30 June 2006, Day 16: An Early Canada Day in Hong Kong
After a long night on the bus with the driver leaning on his horn 50% of the time, I decided to rest and recuperate on Lamma for much of the day. But that evening despite my fatigue we hopped the ferry to Hong Kong Island where there was a party that two Canadians could not miss – Canada Day (a day early). Yup, it’s true, each year the Canadian Camber of Commerce throws a Canada Day party in Hong Kong. Between the neon lights of Lan Kwai Fong huge Canada flags flutter above hordes of people wearing Canada flag tattoos and T-shirts and ridiculous hats (that look more Texan than Canadian). They dance in the street and drink Chinese, Dutch and Japanese beer bought from the 7-11. It is slightly surreal but I’m glad I experienced it.
1 July 2006, Day 17: Temples in New Kowloon and Kindergarten Graduation
Back in Hong Kong I decided to check out a few more temples. I had noticed in China that the temples seemed more like tourist attractions than places of worship and wanted to compare again with temples in Hong Kong. I started in the Sik Sik Yuen Wong Tai Sin Temple and found the air thick with sandalwood incense from hundreds of worshippers. The Taoist temple was packed and nearly everyone was Chinese. People bowed and placed incense sticks in overflowing urns and then knelt and tried to divine their futures with bamboo sticks shaken from a box and later interpreted by a fortune teller. Then a gong sounded and a procession of monks entered the main temple and began chanting. There was a slightly circus feel, but it was definitely not a tourist attraction, rather an exuberant display of devotion. My next destination was the Chi Lin Buddhist Nunnery. In contrast to the Wong Tai Sin Temple, Chi Lin was subdued and serene. The minute I stepped over the threshold I felt peaceful. I wandered through the dark wood complex, past Buddha statues and beautiful lotus ponds truly feeling a harmony between humans and nature. Though very different, the air of worship at Chi Lin felt every bit as real as at Wong Tai Sin, and at the Po Lin and 10,000 Buddhas monasteries that I had visited earlier in my trip. What has caused the difference between the atmospheres at temples in Hong Kong versus in temples in mainland China? I can’t be sure, but a Chinese friend of a friend put it this way, “During the Cultural Revolution religion was forbidden, and with our Gods taken from us we have learned to worship money.”
But a fervent struggle for money and success is also evident in Hong Kong. My afternoon was spent in a huge stadium rented out for kindergarten graduation. Yes, you read that correctly, for Hong Kong’s upper class, kindergarten graduation is an important milestone. Only children graduating from the best kindergartens can gain admission to the best primary schools, the best secondary schools and ultimately the best universities. Indeed a huge amount of time and money goes into finding schools for rich three and four year olds. Of course, these schools must advertise, and the best place for competing schools to show their stuff is at kindergarten graduation. It is truly unbelievable. I watched as hundreds of five year olds lined up on stage and class by class got their diplomas. I was impressed to hear these little people thanking their teachers and parents in perfect English, Mandarin and Cantonese. And then I was awestruck as they put on a stunning musical performance that could rival the Cantonese opera! Scene after scene played across the stage and the children sported gorgeous child sized costumes that my high school would have killed for. There were stunning props, complicated dances, a glittering disco ball and even colorful confetti that rained from the sky. I have never seen anything like it. And yet, after hearing my friend’s tales of tears, trauma and backstage mayhem, I can’t help but question whether putting five year olds through months of daily rehearsal for such an extravaganza is really necessary.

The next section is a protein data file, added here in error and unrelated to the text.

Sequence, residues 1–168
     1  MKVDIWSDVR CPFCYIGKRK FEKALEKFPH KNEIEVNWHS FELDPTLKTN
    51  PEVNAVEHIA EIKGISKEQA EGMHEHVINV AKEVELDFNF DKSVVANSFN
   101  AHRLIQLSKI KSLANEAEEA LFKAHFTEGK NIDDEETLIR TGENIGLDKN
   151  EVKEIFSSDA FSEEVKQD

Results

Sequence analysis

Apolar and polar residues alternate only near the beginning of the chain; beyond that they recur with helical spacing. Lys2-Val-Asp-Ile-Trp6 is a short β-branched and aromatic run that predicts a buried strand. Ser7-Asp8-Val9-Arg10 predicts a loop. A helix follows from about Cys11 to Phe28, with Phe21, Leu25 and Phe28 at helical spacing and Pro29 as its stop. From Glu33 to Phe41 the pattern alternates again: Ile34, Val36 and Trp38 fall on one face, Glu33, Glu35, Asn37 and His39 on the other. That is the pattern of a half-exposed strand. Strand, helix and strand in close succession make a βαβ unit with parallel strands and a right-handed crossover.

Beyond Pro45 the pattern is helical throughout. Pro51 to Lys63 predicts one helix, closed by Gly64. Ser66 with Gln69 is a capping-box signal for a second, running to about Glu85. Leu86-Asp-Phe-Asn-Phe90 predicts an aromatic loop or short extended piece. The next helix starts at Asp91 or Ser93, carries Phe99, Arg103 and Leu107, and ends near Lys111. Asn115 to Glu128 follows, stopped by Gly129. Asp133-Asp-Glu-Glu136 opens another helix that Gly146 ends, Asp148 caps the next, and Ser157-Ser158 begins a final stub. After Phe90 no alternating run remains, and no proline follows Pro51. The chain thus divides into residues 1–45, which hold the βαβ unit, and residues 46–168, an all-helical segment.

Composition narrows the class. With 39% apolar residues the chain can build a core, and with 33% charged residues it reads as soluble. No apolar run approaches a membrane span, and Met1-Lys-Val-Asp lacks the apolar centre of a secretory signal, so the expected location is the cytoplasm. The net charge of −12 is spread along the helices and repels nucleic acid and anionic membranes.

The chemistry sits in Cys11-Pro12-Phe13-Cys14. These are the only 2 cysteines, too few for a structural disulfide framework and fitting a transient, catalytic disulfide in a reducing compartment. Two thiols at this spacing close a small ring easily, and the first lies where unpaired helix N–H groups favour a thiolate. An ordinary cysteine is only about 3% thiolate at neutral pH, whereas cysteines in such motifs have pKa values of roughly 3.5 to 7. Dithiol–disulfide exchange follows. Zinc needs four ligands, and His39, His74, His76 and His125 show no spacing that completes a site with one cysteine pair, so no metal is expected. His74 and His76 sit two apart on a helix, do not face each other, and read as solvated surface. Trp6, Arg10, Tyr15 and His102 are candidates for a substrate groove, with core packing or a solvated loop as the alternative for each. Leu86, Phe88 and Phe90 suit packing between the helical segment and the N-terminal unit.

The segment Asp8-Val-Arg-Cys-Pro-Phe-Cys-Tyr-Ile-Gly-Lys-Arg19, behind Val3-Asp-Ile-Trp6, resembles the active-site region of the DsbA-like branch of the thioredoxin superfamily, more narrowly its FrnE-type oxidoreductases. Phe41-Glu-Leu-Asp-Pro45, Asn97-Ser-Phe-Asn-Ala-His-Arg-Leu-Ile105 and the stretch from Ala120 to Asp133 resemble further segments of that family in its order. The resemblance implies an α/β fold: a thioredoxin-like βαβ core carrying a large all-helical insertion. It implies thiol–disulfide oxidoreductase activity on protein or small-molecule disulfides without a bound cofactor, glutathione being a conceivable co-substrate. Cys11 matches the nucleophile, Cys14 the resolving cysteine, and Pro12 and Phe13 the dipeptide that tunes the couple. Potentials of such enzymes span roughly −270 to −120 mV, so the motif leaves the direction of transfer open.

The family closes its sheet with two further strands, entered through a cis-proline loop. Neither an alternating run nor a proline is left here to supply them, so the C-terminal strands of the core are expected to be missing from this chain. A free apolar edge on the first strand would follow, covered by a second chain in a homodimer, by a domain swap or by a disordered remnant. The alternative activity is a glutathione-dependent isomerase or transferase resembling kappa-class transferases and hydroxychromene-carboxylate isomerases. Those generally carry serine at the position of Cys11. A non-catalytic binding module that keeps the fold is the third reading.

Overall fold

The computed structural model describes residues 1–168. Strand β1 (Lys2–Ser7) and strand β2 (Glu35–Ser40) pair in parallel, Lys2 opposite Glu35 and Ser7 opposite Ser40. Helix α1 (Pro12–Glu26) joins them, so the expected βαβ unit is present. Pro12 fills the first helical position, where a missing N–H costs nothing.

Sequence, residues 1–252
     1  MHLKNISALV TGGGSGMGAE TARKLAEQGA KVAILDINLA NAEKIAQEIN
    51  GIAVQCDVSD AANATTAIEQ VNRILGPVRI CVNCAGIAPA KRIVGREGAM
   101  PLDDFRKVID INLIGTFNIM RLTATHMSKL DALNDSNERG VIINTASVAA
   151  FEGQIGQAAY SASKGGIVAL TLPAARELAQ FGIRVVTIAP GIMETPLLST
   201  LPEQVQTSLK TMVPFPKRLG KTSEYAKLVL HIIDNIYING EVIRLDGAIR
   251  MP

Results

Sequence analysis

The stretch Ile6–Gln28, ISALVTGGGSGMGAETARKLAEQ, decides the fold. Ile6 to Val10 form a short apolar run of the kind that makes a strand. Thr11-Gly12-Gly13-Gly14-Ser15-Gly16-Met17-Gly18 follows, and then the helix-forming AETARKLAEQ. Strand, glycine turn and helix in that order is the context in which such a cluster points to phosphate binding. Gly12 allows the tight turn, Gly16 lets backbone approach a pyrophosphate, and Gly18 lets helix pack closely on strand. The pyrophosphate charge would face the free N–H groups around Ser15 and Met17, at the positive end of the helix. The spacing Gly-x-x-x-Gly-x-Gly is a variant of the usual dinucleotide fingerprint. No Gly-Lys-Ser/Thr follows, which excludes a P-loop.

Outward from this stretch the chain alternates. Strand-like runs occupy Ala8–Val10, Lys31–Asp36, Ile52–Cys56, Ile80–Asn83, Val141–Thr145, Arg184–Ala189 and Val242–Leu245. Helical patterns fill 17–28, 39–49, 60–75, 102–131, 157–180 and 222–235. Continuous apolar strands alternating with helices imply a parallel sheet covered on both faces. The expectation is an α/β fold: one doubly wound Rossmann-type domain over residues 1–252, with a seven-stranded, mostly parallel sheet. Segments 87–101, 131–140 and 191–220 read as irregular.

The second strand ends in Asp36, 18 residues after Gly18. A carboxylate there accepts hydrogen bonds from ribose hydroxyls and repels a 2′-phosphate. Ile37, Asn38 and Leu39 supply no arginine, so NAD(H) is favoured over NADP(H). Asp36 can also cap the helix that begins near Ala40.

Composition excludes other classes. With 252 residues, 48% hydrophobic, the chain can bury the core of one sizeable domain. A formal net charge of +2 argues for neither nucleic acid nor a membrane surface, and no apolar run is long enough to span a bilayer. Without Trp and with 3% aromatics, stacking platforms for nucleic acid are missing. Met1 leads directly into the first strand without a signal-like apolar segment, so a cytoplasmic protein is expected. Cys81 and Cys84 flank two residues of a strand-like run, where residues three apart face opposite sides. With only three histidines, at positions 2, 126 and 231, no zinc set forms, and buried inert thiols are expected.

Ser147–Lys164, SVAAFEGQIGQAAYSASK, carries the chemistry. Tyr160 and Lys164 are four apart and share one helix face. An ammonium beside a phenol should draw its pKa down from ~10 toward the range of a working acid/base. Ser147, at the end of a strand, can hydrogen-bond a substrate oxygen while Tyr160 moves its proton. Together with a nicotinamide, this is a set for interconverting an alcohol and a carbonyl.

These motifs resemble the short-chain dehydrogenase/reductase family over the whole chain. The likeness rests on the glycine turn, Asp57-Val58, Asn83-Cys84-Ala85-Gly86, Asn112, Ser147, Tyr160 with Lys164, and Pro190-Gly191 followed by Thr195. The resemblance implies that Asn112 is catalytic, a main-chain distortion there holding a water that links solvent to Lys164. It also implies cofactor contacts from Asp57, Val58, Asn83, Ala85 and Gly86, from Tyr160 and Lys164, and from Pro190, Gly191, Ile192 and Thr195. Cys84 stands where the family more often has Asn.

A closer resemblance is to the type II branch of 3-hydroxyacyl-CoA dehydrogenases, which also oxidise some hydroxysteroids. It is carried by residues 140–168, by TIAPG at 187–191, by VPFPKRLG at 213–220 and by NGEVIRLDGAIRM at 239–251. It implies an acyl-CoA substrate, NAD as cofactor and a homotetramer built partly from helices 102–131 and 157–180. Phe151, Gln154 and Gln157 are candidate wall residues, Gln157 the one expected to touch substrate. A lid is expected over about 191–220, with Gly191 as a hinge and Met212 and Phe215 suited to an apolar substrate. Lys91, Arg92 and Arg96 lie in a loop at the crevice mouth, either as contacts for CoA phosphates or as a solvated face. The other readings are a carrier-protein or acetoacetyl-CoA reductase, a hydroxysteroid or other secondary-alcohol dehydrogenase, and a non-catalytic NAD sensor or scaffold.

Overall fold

2 to 4 July 2006, Day 18 to 20: Hiking the Sai Kung Peninsula and Farewell
With my time in Hong Kong coming to a close I decided to spend a day in the Sai Kung Peninsula, New Territories. The goal was a white sand beach on Tai Long Wan Bay and the only way to get there was on foot. The whole peninsula is a country park and harbors a beautiful mixture of green mountains and hidden coves. The 10 km walk took us past the High Island Reservoir, a beautiful fresh water lake that seemed to glow aqua green in the afternoon sunlight. At the beach, we picnicked in the sand, swam in the crystal clear South China Sea and shared with the locals a place that most visitors to Hong Kong don’t get to see.
I spent my last day in Hong Kong touring Hong Kong Island. I wanted to see the whole island so I planned a minibus trip from Central to the south of the island via the Aberdeen Tunnel and then east along the southern edge of the island to Stanley. From Stanley I took another minibus past the Tai Tam Reservoir and along the eastern edge of the island and then hopped on the tram for a final rumble through Hong Kong’s diverse districts from Shau Kei Wan to Kennedy Town. At the Stanley market, in a tiny and nearly hidden stall I found a lovely dragon and phoenix motif exquisitely died onto soft cloth using the batik technique. The dragon and phoenix represent husband and wife, emperor and empress, yang and yin, power and rebirth – powerful symbolism. Even better Chinese character in the center of the motif was the “shou” (pronounced “show”) meaning long life. That evening I attended a meditation and feeling happy and peaceful I thanked Hong Kong and China for the lessons they have taught me and I said farewell.